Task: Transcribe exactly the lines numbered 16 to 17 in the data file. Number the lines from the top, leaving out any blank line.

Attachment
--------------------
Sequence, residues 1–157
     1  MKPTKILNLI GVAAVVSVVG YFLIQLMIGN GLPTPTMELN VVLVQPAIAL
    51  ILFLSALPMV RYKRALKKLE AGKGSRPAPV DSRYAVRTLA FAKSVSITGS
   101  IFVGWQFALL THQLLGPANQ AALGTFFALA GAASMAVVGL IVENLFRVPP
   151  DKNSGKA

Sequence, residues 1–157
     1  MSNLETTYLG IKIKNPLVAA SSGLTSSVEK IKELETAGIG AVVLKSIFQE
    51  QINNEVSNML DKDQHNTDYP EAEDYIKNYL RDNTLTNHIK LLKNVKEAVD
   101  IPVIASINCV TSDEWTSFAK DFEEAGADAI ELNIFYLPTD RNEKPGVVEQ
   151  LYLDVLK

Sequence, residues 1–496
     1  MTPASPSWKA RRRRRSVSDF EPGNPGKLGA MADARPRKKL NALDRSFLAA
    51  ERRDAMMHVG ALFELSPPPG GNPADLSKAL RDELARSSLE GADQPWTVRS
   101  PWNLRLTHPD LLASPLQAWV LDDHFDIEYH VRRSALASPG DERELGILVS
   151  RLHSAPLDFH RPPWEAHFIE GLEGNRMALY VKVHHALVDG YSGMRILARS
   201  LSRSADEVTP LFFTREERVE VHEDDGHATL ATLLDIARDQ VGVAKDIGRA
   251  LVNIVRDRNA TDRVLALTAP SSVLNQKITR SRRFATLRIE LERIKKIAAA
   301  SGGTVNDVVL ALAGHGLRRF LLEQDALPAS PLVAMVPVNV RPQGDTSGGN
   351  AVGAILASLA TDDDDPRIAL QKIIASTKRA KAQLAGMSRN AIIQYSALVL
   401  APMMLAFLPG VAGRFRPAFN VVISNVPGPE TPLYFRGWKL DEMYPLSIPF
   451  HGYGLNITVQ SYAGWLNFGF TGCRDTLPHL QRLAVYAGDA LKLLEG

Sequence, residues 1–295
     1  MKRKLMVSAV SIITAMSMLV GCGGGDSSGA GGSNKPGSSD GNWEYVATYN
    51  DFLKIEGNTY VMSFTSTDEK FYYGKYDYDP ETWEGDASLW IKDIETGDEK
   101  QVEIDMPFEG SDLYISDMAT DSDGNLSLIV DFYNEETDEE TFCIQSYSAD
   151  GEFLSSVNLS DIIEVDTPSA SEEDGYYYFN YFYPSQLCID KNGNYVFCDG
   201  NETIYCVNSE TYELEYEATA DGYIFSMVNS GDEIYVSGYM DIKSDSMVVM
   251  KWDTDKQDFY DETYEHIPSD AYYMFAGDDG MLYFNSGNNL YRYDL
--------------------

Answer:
   201  LSRSADEVTP LFFTREERVE VHEDDGHATL ATLLDIARDQ VGVAKDIGRA
   251  LVNIVRDRNA TDRVLALTAP SSVLNQKITR SRRFATLRIE LERIKKIAAA